Keeping Domestic Violence Victims Safe: Are the Courts Doing Enough?

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Keeping Domestic Violence Victims Safe: Are the Courts Doing Enough?

Keeping Domestic Violence Victims Safe: Are the Courts Doing Enough?The Maryland nonprofit group Court Watch Montgomery works to ensure victims of domestic violence are provided with proper access to justice, programs, and resources. Volunteers from the organization gather data from thousands of protective order hearings each year, and release a report with their findings.

Court Watch’s latest report found that District Court judges in Montgomery County handle protective orders for domestic violence inconsistently from case to case, and judge to judge. According to Court Watch, judges should be following best practices set by the National Council of Juvenile and Family Court Judges (NCJFCJ). However, they found that judges only follow these standards slightly more than 50 percent of the time.

The five best practices are:

  1. If a victim wishes to drop their case, the judge should try to ensure the victim hasn’t been coerced or intimidated, and take some time to discuss their safety.
  2. If a victim does drop their case, the judge should inform and encourage them that they may return to court any time they feel they are in danger.
  3. The judge should inform every respondent receiving a protective order that violating it can result in jail time.
  4. The judge should inform every respondent receiving a protective order that they must surrender all guns to law enforcement immediately.
  5. The judge and bailiffs should implement staggered exits, such as having the respondent wait in the courtroom for a minimum of 15 minutes after the victim’s departure, to ensure they don’t encounter each other.

These practices tended to vary wildly. For example, one judge used these practices 72 percent of the time, while another used them only 23 percent of the time. It is worth noting that judges aren’t bound by law or regulation to apply these best practices.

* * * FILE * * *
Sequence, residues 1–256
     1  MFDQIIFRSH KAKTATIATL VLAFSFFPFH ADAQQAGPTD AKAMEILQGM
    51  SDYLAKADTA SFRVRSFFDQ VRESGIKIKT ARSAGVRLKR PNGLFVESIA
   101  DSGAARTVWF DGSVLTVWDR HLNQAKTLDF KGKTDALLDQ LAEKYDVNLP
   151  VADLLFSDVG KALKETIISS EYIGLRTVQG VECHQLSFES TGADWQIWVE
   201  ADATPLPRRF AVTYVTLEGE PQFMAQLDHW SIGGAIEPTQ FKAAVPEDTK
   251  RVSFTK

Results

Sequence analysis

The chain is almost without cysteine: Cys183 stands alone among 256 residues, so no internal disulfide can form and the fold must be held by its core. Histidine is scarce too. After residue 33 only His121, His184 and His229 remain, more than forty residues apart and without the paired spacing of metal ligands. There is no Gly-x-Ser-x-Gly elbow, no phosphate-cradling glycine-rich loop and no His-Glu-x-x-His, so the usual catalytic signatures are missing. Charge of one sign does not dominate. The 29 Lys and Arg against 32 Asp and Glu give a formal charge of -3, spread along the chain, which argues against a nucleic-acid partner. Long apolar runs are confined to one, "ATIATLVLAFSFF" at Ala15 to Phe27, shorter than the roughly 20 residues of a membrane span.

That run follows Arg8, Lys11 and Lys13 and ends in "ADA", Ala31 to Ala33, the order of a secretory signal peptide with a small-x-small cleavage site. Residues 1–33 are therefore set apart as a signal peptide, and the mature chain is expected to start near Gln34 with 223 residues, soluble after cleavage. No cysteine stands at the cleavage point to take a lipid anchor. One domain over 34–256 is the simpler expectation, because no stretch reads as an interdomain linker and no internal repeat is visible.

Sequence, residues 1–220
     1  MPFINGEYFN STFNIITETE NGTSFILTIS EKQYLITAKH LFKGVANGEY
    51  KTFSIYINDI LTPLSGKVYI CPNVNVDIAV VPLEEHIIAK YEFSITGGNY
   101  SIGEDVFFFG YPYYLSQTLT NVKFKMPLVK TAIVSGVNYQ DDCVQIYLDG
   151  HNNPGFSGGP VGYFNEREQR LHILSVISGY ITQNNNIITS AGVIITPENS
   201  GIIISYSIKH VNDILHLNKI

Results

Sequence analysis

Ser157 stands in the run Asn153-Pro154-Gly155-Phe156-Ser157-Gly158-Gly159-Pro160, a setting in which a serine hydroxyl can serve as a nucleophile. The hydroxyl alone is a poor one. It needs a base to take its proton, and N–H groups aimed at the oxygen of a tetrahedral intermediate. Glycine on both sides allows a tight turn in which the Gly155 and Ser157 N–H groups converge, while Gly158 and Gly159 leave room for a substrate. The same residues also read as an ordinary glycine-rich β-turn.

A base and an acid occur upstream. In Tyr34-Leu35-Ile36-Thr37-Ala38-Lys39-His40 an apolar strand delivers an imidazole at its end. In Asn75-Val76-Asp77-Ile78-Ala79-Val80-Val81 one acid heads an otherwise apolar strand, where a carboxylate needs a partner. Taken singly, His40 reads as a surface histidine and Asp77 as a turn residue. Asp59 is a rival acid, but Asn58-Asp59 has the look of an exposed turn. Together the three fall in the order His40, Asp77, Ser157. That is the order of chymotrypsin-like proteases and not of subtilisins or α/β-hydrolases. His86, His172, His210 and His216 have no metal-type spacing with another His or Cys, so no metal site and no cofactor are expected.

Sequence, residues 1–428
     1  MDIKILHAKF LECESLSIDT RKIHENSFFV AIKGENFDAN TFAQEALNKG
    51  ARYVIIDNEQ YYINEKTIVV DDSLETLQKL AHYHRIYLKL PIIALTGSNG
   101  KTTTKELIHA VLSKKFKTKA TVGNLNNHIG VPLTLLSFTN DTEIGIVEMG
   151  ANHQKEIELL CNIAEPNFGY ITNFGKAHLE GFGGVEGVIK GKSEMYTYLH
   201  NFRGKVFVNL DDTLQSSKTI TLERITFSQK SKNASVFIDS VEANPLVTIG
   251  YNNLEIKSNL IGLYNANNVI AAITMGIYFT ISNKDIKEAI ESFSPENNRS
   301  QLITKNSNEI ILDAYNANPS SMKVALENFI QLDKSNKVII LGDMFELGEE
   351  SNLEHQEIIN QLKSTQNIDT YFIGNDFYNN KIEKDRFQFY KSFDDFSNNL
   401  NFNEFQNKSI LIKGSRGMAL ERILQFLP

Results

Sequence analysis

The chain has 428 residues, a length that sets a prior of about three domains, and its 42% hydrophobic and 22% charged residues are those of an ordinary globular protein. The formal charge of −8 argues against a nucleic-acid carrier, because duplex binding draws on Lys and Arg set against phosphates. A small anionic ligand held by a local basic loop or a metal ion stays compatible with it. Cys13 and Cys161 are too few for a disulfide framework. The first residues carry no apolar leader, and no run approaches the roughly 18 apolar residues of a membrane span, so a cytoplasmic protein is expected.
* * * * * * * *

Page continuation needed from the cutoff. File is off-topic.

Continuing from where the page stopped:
However, following Court Watch’s first report in 2011, judges did increase their use of some practices. For example, in 2011, only 15% of judges used staggered exits in protective order hearings, but rose to 70% in 2012. However, by 2015, staggered exits dropped to 29%. Currently, victims of domestic violence are protected in this manner only 45% of the time.

Other findings from the report include:

  • Judges have increased their frequency of warning respondents with final protective orders that they must surrender all their guns. In 2011, they gave this warning approximately one-third of the time; today it’s 78 percent.
  • However, these warnings still vary between judges. One informed 12 percent of respondents to surrender their firearms, while another gave the warning in 100 percent of hearings observed.
  • Judges asked about 65 percent of petitioners if they’d been coerced when requesting an order to be dropped.
  • One judge told only six percent of respondents that violating a protective order could result in jail time, while another gave the warning 82 percent of the time.

The report concludes, “When judges fail to use basic, fundamental practices to improve safety in domestic violence cases, they are limiting residents’ access to the full measure of justice they deserve. These five fundamental practices, coupled with appropriate demeanor, should be standard practice and used in 100% of relevant domestic violence protective order hearings in Montgomery County and throughout Maryland.”

At McCabe Russell, PA, our Rockville attorneys can help you when you have questions about protective orders or family law. If you feel you are in immediate danger, contact the authorities. To speak with an experienced lawyer serving Montgomery County clients, please call 443-917-3347 or fill out our contact form. We also maintain offices in Bethesda, Columbia and Fulton.

 

 

 

 

 

 

By |January 8th, 2019|Family Law|
Text Us443-917-3347